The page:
October 2 is the birthday of one of the greatest practitioners of nonviolence, Mohandas Gandhi. It is also World Farm Animals Day, a celebration launched nearly two decades ago to stop the suffering inflicted upon billions of terrified animals who are beaten, crippled, and killed on factory farms and in slaughterhouses around the globe—all for nothing more than a fleeting taste of their flesh.
Called the Mahatma ("Great Soul"), Gandhi taught that nonviolence begins with what we eat. "To my mind," he said, "I hold that the more helpless a creature, the more entitled it is to protection by man from the cruelty of man."
In his total commitment to nonviolence, Gandhi always included the animals, stating, "The greatness of a nation and its moral progress can be judged by the way its animals are treated."
These words are even more appropriate today in light of our animal factories and slaughterhouses, where billions of animals never see the sun and die in agony, piece by piece. One can only imagine what Gandhi's reaction would be to seeing calves taken away from their mothers the day that they are born and immobilized in veal crates or chickens whose beaks are seared off with a hot blade to prevent them from fighting for space in tiny, cramped cages. One can only imagine his reaction to seeing fully conscious pigs screaming as they are dropped into tanks of boiling water and cows looking slaughterhouse workers in the eye as their hooves are cut off. Sadly, these are everyday occurrences: Earlier this year, the union of federal meat inspectors filed a petition with the U.S. Department of Agriculture stating that production lines move too fast for workers to ensure that every animal is dead before he or she is skinned and dismembered.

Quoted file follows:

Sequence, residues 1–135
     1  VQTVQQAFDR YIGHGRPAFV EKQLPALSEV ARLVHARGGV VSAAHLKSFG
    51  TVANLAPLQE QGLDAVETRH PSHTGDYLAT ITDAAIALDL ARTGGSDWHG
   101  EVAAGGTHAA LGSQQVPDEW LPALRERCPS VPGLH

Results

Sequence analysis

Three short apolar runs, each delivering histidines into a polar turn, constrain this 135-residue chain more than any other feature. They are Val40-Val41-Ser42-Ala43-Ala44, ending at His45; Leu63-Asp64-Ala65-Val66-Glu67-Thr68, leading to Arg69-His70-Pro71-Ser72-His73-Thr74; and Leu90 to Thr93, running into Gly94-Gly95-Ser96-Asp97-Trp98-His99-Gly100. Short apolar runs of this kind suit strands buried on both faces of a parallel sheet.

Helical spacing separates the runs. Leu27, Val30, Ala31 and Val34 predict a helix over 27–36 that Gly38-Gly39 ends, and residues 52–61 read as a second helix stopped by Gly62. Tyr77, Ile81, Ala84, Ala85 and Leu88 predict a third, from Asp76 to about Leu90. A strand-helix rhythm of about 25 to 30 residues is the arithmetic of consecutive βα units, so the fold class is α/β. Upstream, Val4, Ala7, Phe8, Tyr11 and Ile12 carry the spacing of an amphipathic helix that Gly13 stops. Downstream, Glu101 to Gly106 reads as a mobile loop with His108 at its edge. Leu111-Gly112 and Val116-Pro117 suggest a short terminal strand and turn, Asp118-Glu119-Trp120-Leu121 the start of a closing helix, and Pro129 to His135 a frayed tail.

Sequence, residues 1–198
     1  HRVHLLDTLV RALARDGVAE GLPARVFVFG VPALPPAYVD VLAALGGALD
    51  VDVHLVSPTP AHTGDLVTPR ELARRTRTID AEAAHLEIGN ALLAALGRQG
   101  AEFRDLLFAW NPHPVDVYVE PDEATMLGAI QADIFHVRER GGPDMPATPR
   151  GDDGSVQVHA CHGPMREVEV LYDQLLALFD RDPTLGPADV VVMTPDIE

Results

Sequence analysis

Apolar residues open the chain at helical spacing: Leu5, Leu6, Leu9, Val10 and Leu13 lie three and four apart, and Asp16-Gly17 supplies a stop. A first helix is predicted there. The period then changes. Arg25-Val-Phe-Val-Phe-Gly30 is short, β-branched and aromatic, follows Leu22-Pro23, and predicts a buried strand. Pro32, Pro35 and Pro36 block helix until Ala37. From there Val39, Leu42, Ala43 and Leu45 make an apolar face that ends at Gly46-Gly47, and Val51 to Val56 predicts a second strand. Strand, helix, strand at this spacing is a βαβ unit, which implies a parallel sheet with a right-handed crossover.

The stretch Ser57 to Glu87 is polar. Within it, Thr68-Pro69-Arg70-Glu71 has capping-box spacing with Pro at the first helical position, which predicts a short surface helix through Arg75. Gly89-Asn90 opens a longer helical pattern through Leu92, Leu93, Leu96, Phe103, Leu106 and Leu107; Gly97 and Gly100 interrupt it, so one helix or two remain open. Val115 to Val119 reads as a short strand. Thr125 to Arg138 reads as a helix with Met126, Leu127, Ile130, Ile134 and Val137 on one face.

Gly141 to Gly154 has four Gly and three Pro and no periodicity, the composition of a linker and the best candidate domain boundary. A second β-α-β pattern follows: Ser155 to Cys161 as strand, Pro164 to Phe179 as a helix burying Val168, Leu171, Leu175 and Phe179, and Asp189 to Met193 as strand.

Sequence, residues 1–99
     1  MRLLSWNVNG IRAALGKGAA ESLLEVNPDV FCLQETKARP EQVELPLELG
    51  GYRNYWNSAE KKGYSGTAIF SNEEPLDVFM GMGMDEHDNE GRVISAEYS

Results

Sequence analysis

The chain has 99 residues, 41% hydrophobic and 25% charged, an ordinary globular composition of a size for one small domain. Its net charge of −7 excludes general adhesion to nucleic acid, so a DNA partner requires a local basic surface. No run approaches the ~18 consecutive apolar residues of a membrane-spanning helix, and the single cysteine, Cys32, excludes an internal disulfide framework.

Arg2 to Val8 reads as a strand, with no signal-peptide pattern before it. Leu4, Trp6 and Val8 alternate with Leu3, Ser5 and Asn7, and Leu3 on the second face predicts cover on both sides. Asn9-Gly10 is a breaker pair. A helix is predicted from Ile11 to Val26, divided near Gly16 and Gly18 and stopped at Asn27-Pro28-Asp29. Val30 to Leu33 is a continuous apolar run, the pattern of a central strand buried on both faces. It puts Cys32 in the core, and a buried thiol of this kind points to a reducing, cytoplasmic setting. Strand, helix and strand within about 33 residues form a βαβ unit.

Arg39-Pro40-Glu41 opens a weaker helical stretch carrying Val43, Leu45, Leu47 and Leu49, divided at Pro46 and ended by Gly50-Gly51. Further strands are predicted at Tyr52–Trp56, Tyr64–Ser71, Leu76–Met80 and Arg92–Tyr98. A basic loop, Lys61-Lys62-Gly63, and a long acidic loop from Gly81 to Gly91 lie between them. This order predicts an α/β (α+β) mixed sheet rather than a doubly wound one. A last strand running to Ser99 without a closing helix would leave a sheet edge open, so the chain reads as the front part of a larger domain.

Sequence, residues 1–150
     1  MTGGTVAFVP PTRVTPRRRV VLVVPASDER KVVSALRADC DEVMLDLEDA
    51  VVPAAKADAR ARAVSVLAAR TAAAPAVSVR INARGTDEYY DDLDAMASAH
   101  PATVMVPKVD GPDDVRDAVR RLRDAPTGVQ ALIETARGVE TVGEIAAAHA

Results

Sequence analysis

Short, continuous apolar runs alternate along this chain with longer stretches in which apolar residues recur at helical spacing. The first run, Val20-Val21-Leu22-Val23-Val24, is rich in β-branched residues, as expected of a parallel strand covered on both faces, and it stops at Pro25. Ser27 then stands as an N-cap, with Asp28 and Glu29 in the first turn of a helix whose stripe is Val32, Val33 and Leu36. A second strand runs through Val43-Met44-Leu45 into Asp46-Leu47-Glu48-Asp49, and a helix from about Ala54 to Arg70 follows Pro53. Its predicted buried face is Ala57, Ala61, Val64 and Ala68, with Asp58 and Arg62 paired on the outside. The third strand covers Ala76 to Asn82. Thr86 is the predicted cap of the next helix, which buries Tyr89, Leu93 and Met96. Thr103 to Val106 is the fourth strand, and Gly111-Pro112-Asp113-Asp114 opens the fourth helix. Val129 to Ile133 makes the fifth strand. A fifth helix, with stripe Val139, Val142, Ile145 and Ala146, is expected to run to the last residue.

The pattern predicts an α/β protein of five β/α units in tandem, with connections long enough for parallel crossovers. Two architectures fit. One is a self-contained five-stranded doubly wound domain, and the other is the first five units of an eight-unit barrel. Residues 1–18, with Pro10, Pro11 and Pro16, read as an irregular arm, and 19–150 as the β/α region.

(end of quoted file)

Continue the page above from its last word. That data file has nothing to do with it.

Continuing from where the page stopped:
More than 50 years after his death, Gandhi remains a source of wisdom and inspiration to the world. As we pray for an end to violence and terrorism, please remember his words, "It ill becomes us to invoke in our daily prayers the blessings of God, the Compassionate, if we in turn will not practice elemental compassion toward our fellow creatures." We may not be able to stop all the violence in the world, but we can lessen the amount of violence in our own lives. Won't you follow Gandhi's example and turn your fork into a powerful tool for peace—by keeping the broken bodies of animals off your plate?
For a free vegetarian starter kit, click here.
Almost all of us grew up eating meat, wearing leather, and going to circuses and zoos. We never considered the impact of these actions on the animals involved. For whatever reason, you are now asking the question: Why should animals have rights? Read more.